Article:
The hole Glavine dug for the Mets was too much to overcome, and the fans in Flushing had to watch on helplessly as their season came to a bitter end. I mention this not so much to gloat, but to remember the flip side of each victory. We’ve been on the receiving end of so many heart wrenching losses, that the juxtaposition of the Phillies triumph vs. the Mets’ downfall, fills me with a kind of reverence for the victory. My view is kind of "there but by the grace of God go I" because if Moyer had lost his map to the strike zone as Glavine had, and the Mets offense leapt into action, the roles could have been exactly reversed – the Phillies starting the game knowing the Mets had a 7-0 lead and all downhill from there. Seeing the Mets fans pack up their signs, wiping tears away, their hopes dashed, it is hard to remember that baseball is just a game, which it is. Except at those times when it isn’t.

But instead of devolving into that dubious fate, September 30, 2007 to me was the turning point, the start of the literal and figurative parade of 5 division titles. While the Phillies were handily defeated in the playoffs that year, it set the stage for the WFC of 2008 and lots and lots of very happy baseball through 2011.

Except for one very, very sad game. My most unphavorite game of them all. It wasn’t the last game of the 1993 World Series (occurring during my honeymoon, after which the name Mitch Williams could not be uttered in our house for 15 years). It wasn’t the Burt Hooton game 3 of the 1977 playoffs (where Hooton of the Dodgers gave up 3 bases loaded walks in the 2nd inning but the Phillies still lost 6-5.) Not the last game of the 1983 World Series, the only postseason game I ever saw live, at which I had to watch the Orioles dance on the much maligned Veteran’s Stadium AstroTurf as the rickety black and white video board read "Congratulations Baltimore Orioles 1983 World Series Champions." No, my least favorite game is much sadder than that.

It was a Monday afternoon affair, April 13th, 2009. The Phillies actually won that game, edging the Nationals 9-8 in Washington, DC. But it was not the plays on the field, the calls of the umpires, nor the status of the roster that made it my least favorite. It was that earlier in the day, Harry Kalas collapsed at the ballpark and had died before the game even started. There was some debate whether to postpone the contest, but it was fittingly decided that not playing a game because of Harry was exactly the wrong response.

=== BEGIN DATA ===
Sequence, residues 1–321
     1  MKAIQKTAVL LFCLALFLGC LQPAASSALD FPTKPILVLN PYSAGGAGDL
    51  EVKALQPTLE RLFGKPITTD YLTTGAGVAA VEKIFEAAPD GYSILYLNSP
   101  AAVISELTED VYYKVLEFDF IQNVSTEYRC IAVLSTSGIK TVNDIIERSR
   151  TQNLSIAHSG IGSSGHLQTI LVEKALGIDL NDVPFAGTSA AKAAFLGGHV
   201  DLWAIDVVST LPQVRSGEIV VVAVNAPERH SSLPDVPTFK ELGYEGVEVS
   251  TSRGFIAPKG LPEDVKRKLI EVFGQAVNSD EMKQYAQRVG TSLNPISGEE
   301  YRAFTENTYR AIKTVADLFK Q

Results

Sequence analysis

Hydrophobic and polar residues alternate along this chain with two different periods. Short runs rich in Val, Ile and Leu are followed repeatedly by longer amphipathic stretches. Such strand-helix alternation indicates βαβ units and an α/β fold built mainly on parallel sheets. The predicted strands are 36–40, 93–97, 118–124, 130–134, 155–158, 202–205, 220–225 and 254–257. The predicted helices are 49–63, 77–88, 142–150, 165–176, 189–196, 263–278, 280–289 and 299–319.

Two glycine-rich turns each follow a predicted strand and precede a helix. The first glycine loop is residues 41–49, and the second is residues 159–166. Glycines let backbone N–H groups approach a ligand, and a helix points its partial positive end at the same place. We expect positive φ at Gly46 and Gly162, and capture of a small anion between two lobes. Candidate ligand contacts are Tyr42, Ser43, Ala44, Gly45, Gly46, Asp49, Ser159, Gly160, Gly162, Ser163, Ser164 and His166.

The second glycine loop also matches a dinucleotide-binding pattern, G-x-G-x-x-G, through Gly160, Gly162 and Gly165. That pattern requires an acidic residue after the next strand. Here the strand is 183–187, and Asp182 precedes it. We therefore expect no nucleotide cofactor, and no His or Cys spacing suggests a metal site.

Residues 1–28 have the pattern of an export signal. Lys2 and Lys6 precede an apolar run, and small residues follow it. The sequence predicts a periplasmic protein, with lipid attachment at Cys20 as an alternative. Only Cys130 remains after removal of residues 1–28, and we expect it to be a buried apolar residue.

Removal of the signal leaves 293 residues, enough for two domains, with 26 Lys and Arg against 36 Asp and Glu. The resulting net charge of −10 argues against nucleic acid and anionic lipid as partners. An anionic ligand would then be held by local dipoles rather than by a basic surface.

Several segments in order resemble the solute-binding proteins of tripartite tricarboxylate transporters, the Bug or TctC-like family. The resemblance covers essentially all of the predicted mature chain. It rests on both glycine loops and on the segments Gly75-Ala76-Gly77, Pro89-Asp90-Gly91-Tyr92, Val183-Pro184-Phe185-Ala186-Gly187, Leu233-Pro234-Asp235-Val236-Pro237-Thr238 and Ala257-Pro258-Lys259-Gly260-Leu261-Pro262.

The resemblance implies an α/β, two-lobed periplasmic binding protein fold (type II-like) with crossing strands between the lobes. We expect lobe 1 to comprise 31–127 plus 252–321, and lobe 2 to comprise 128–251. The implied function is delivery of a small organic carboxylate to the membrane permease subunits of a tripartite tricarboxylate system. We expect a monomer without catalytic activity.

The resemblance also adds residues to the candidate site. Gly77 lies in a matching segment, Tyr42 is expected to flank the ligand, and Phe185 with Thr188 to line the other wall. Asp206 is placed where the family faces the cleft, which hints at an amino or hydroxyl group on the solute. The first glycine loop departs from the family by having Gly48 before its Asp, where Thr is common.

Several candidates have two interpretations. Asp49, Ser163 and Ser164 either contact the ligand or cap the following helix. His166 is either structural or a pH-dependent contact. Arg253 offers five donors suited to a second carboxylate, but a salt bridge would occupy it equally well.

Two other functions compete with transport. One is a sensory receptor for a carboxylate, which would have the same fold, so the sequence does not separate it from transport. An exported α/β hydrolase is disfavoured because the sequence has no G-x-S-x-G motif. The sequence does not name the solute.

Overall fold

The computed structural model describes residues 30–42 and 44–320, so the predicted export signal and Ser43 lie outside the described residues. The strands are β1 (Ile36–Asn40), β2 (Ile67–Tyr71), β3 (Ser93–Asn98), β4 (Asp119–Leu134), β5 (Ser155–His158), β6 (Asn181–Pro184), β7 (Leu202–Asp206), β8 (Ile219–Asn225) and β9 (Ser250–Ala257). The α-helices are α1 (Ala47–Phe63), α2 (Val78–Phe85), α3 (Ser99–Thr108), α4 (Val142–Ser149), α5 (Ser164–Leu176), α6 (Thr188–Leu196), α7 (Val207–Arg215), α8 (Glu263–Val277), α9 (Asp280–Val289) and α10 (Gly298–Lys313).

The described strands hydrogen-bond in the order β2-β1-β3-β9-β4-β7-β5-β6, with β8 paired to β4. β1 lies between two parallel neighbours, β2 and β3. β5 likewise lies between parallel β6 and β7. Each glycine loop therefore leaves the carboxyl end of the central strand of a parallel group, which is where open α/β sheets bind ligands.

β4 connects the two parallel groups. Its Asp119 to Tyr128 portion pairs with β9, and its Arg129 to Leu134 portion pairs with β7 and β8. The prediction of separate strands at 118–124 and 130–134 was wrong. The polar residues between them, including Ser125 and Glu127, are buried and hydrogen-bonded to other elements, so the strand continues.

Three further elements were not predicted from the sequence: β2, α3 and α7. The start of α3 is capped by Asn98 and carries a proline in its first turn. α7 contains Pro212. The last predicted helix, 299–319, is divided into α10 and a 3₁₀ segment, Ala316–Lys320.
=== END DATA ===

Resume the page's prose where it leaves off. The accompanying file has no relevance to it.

And so, with red eyes and trembling voices, the remaining announcers called the game. (Wheels in particular looked morose but determined.) But each positive event was almost salt in the wound, and Shane Victorino’s home run in the 3rd inning was less a joyous affair, but a reminder that there was no one to call That ball’s outta here! Yes, the Phillies won the ballgame, but they had lost one of the finest voices ever in baseball broadcasting and a long friend of the team. And just as my favorite game ushered in a new era, so my least favorite kicked off a sad string of events – Harry’s coffin at home plate at CBP, Vitorino lovingly toting his powder blue jacket into the dugout each game, the requisite HK patch. There would be no more Swing and a miss, struck eem out! No longer It’s a long drive, deep left field! That ball’s outta here! No more Chase Utley you are the man! I even found myself missing MitcheePoo! Any loss on the field can be responded to the next day. This kind of loss cannot.

Yes, the tears shed by the Mets fans in 2007 found the Phillies fans’ eyes again soon enough. We try to shrug off losses by saying that it is only a game, which it is. Except, of course, when it isn’t. And when you get right down to it, it never is.